Temporal and spatial variation in seston available to oysters and the contribution of benthic diatoms to their diet in the Duplin River, Georgia [electronic resource] /
Abstract (Summary)This study examined the quantity and quality of seston available to oysters and the contribution of benthic diatoms to their diets in the Duplin River, Georgia, and how it varied over different temporal and spatial scales. Average suspended particulate material (SPM), particulate organic carbon (POC), and chlorophyll a concentrations were significantly higher at the mouth (327.6 mg L[superscript -1], 5.0 mg L[superscript -1], 19.9 ug L[superscript -1]) than at the headwaters (93.4 mg L[superscript -1], 1.6 mg L[superscript -1], 9.4 mg L[superscript -1]). The quality of the seston was lower at the mouth with significantly higher carbon to nitrogen and POC to chlorophyll a ratios, but the seston was detrital-dominated throughout the inlet. Significant differences in seston characteristics were observed over tidal cycles at the mouth only, but all sites exhibited differences over lunar (spring tides greater than neap) and seasonal (spring and summer maxima) cycles. These differences were most consistent for SPM but were observed at some stations for other characteristics as well. Seston variability was greatest at the mouth at any temporal scale, but when compared within each site, the two sites closest to the mouth exhibited variability on tidal and lunar scales that was comparable to or even greater than seasonal scales, whereas at the up-river sites seasonal variability was the greatest. A significantly higher proportion of the diatoms were classified as benthic (pennate) at the headwaters as compared to the mouth in both seston (37% vs. 17%) and oysters (33% vs. 21%), although there was no evidence of selection for benthic forms. Microscopic observations of diatoms in seston and oysters were used to calculate the 13C and 34S values of oysters, assuming a diet of strictly diatoms, and these agreed well with observed values. This suggests that diatoms are a major food resource of oysters in this system and that benthic diatoms contribute to this pool. Oyster performance was evaluated at the study sites using shell height, dry tissue weight and condition index values. Oysters were significantly larger at the three up-river sites, which could be related to less than optimal feeding conditions and the high-energy physical regime near the mouth.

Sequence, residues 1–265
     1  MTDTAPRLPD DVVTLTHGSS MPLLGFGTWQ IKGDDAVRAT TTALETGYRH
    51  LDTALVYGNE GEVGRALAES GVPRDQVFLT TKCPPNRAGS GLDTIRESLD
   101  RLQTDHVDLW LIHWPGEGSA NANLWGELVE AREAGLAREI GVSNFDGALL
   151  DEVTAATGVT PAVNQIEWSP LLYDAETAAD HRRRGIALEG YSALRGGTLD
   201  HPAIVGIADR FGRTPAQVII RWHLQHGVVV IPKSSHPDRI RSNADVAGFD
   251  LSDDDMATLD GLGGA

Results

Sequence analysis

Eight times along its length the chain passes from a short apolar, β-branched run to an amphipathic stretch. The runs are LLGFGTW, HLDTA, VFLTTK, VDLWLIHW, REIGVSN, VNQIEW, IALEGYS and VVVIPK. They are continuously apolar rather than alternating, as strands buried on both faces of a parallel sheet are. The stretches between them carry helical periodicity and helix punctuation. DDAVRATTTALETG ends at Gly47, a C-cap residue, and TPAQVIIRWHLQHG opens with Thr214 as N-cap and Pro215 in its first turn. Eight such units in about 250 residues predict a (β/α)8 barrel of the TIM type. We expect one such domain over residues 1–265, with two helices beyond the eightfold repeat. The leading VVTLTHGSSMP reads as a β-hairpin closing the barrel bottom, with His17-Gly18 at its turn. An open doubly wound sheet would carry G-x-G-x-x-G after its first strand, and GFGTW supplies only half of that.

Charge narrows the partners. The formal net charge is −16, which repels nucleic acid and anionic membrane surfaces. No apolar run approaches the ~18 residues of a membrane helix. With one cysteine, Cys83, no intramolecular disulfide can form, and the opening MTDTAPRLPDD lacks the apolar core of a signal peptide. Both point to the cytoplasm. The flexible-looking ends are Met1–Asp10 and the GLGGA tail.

School:The University of Georgia
School Location:USA - Georgia
Source Type:Master's Thesis
Date of Publication: